The Emily Rooney Show

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Thursday, July 14
The Tomato’s Fall From Grace

The Tomato’s Fall From Grace
Second only to lettuce in produce popularity – the tomato is one of our most alluring fruits. Not to mention one of the most profitable. In 2009, Americans spent $5 billion on commercially grown fresh tomatoes. But of all the fruits and vegetables we eat, none suffers at the hand of factory farming more than a tomato grown in the winter fields of Florida. And if you bite into a tomato between the months of October and June, chances are it hails from the Sunshine state, which accounts for one-third of the fresh tomatoes grown in the United States. Modern agribusiness can’t deliver a decent-tasting tomato in large part because it’s essentially against the law; regulations set by the Florida Tomato Committee determine what a tomato should look like, and the older, tasty varieties don’t conform to the rules of color and shape. In his new book Tomatoland, based on his James Beard Award-winning article, investigative food journalist Barry Estabrook reveals how industrial agriculture has ruined the tomato in all ways–gastronomic, environmental, and in terms of labor abuse.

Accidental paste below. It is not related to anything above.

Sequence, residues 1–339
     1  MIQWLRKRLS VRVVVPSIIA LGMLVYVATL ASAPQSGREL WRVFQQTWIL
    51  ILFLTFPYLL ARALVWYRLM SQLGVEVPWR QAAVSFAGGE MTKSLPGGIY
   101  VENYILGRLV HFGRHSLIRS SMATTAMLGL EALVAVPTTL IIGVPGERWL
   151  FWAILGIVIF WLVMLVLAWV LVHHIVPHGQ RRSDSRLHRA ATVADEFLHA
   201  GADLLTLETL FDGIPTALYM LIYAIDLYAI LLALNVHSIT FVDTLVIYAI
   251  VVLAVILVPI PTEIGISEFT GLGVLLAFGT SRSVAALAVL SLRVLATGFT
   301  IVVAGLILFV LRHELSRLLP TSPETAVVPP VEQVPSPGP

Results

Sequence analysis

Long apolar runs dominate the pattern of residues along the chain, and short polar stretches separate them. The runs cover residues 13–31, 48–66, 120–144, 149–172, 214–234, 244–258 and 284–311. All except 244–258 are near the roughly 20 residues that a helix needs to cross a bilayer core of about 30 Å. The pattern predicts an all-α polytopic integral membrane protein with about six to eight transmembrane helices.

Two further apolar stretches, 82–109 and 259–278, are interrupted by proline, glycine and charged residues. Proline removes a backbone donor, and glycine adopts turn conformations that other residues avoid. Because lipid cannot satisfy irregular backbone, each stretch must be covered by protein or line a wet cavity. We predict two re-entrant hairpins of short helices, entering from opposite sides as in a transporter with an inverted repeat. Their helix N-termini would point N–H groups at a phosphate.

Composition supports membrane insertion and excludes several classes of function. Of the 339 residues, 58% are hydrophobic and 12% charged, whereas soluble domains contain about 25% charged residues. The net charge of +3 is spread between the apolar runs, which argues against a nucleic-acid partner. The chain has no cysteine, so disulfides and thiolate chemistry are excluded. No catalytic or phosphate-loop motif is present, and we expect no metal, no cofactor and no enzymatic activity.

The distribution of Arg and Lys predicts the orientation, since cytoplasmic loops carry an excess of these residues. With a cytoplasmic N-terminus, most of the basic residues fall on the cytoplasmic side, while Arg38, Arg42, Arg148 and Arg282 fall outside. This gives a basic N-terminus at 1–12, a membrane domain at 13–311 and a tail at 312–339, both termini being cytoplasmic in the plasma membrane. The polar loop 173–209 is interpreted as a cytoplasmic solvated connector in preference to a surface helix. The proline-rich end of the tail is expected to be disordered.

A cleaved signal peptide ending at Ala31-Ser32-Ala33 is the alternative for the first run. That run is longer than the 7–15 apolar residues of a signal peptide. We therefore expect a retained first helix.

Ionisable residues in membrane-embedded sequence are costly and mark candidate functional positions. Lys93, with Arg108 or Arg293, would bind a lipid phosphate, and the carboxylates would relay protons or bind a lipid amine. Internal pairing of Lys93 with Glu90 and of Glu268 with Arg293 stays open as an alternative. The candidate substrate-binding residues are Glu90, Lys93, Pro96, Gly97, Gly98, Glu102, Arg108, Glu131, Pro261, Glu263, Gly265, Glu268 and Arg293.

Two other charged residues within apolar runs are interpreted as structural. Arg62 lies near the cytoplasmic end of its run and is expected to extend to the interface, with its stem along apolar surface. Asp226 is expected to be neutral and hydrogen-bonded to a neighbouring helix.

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Wednesday, March 14, 2012       Listen 897

The Great Back Bay Blackout
After a smoky electrical transformer fire knocked out power to about 21,000 homes and businesses, sections of the neighborhood are getting back online. But problems are expected to persist into tonight. We’ll have the latest.

Guests:
  Garrett Quinn, WGBH contributor and author of the Less is More blog on Boston.com
  Meg Mainzer-Cohen, president of the Back Bay Association
  Marcia Gregg, a Back Bay resident who (along with her family) lost power (and still doesn’t have it)
  David Jacobs, publisher and editor The Boston Courant, covers Back Bay, South End Beacon Hill and Fenway

The Baffler Is Back
The self-described “journal that blunts the cutting edge” is back in print after a two-year hiatus. The Baffler’s latest issue of scathing media, political and cultural criticism hits newsstands tomorrow. And no cow is sacred. (Not even the one that pays its bills).

Guests:
  John Summers, editor of The Baffler
  Thomas Frank, journalist and author of books like What’s The Matter With Kansas? and most recently, Pity The Billionaire. Founding editor of The Baffler

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